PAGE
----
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What causes the deep marine layer that played a role in the Kobe Bryant helicopter crash?

Paul Duginski, Los Angeles Times on

Published in News & Features

LOS ANGELES -- On Sunday morning, when Kobe Bryant, his daughter Gianna and seven others were killed in a helicopter crash near Calabasas, there was a thick marine layer and patchy dense fog that obscured some of the terrain.

The conditions were the result of a deteriorating cold front passing through the area with moist northwest flow, which caused low clouds to pile up against the northern slopes of Ventura and L.A. County mountains. There were showers to the north, and clouds pushing into coastal valleys were thick enough to cause drizzle along the coast and in nearby foothills, according to the National Weather Service. A webcam at Oat Mountain, northwest of Porter Ranch, suggested that the marine layer was 3,000 feet thick.

WHAT CAUSES THE MARINE LAYER?

Marine stratus clouds are created when winds blowing over the Pacific Ocean mix moist surface air upward in the atmosphere. The air cools as it rises, which is important because colder air carries less water vapor than warm air. When the air's relative humidity reaches 100%, the water vapor condenses into tiny liquid droplets around minuscule condensation nuclei, which can be sea salt from surf or spray and even tiny amounts of iodine from kelp.

A strong inversion layer is necessary for the marine layer clouds to form, providing a lid that keeps them from rising off into the atmosphere. Relatively cold ocean water temperatures cool the air near the surface, creating a strong contrast with warmer air a little higher in the atmosphere. This layer of warmer air is the inversion layer, and it creates a cap limiting the vertical extent of the mixing near the surface.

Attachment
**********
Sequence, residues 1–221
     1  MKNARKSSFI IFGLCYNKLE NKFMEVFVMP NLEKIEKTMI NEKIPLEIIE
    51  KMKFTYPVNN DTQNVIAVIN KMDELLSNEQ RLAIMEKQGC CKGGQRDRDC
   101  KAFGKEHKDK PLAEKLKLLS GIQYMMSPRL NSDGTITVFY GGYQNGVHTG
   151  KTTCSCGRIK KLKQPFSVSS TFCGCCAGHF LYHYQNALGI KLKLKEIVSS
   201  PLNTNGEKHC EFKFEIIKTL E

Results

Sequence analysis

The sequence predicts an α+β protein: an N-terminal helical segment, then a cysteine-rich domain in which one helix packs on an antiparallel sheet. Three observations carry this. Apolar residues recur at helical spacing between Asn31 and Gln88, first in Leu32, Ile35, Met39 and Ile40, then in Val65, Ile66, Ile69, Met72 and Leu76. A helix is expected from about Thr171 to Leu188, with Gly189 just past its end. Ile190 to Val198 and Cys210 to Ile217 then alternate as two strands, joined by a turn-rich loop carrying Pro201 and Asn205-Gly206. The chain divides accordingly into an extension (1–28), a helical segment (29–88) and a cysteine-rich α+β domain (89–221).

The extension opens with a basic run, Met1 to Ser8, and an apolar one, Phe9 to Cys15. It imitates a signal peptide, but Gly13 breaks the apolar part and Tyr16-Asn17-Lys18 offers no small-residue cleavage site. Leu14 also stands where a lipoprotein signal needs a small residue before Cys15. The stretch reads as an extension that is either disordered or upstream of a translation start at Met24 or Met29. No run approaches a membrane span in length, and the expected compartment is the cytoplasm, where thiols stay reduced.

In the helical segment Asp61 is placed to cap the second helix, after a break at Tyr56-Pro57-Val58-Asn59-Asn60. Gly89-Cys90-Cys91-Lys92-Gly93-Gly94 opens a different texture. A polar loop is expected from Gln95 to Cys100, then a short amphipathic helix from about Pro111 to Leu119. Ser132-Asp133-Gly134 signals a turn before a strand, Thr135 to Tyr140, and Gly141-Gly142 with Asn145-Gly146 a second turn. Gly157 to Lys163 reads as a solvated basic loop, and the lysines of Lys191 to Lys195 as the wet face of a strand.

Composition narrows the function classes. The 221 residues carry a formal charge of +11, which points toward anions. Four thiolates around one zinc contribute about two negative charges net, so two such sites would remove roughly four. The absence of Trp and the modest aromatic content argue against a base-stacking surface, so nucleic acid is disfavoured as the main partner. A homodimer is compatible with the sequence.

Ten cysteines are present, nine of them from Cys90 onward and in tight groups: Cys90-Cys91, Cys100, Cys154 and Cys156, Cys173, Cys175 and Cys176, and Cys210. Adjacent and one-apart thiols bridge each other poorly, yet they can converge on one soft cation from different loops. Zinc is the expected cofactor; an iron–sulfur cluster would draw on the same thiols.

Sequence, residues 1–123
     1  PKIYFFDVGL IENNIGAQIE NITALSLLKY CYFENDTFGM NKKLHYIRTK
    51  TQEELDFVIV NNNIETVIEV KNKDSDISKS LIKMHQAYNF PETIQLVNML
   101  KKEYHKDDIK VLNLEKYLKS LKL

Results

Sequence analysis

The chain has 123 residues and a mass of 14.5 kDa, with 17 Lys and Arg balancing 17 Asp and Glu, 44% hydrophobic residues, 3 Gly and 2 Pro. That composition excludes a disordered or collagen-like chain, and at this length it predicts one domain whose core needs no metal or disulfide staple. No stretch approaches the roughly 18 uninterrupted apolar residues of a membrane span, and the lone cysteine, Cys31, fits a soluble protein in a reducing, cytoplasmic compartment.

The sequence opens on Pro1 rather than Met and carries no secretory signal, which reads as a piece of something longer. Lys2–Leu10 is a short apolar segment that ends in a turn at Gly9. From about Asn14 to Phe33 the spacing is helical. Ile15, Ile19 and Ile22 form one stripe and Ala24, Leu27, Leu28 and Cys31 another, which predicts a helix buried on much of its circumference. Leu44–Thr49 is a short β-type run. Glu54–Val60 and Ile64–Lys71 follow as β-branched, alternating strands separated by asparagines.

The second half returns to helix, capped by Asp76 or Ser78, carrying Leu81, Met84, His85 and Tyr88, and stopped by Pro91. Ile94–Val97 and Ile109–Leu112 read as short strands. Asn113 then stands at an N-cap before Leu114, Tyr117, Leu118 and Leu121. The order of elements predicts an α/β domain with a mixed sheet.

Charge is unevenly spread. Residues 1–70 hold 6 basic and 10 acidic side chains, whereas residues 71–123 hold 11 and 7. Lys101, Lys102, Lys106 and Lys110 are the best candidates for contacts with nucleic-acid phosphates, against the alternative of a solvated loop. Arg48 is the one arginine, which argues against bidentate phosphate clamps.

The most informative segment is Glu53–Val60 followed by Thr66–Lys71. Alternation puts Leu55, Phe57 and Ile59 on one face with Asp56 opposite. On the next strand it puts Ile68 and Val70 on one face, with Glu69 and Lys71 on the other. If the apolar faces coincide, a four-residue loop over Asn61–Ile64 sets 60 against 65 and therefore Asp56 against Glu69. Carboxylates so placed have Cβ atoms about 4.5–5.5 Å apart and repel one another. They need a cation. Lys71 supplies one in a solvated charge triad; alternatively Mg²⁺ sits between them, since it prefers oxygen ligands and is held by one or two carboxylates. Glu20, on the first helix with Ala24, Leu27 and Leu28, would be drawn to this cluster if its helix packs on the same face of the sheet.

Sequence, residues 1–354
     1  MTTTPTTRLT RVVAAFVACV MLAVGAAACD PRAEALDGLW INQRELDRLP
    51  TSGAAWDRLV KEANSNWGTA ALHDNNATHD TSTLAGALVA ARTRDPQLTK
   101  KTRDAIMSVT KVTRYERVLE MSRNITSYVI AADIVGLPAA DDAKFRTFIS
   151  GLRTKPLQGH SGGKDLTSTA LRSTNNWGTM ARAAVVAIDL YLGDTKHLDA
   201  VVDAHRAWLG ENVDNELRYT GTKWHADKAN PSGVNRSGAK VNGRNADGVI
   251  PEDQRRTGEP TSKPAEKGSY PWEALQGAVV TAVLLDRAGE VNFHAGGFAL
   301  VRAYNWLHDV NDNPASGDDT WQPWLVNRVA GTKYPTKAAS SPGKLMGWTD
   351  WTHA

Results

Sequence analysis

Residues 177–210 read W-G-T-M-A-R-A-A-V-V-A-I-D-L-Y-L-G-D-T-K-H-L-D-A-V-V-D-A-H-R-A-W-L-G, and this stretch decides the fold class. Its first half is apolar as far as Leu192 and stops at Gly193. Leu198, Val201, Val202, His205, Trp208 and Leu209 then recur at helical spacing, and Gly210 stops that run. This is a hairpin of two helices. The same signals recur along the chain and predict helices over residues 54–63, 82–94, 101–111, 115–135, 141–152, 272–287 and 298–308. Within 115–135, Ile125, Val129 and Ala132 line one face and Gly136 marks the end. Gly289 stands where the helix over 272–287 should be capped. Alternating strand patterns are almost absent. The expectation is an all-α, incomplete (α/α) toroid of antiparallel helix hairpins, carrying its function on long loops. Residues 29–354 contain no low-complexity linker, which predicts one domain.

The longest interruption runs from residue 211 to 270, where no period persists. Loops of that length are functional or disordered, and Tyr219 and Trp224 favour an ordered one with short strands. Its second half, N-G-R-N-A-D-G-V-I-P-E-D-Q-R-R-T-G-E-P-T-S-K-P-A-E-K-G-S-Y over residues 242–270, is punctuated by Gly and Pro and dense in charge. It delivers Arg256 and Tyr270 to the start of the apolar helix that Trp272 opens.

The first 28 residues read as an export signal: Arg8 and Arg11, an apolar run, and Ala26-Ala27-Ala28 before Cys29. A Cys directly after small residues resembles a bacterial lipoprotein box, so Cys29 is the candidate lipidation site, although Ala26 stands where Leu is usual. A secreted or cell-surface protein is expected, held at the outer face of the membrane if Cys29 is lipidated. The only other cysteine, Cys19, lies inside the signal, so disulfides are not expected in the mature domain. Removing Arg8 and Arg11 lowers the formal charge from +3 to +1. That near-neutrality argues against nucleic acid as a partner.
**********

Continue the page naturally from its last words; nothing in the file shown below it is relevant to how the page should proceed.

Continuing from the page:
Winds blowing from west to east move these marine clouds toward the California coast. This horizontal movement is called advection. Cooling continues as the air is moved over cold water. When it reaches the coast it is forced to lift as land elevations rise, which causes additional cooling and cloud formation. The terrain channels the wind-borne stratus clouds through canyons and valleys -- which are the same routes used for highways, such as the 101 Freeway. The clouds spread inland until they encounter a barrier in the form of hills and mountains that rise to a higher elevation than the clouds. Coastal hills and valleys are then shrouded in low clouds and fog. Fog is merely a cloud that is in contact with the ground.

 

At the time of the helicopter crash, Van Nuys Airport was reporting a ceiling of 1,300 to 1,400 feet, but some terrain around Calabasas is higher, so some of it was most likely obscured by the base of the marine clouds. In addition, dense patchy fog was reported in the area. These factors would cause low visibility and could cause spatial disorientation for someone piloting an aircraft.

The depth of marine layer clouds usually peaks around sunrise, then the clouds dissipate as the day progresses and the sun rises higher in the sky. The sun warms the the atmosphere above the clouds, and the sunlight that penetrates them begins to warm the land. Land heats up faster than water, and the warming air rising off the surface mixes into the cloud layer. As the cloudy air warms, its relative humidity falls below the 100% level, and the droplets of water begin to return to water vapor -- because warmer air can hold more water vapor. In other words, the cloud evaporates. Warm, dry winds above the clouds can accelerate this process. A deeper marine layer requires more time for warmer or drier air to evaporate the clouds.

(c)2020 Los Angeles Times

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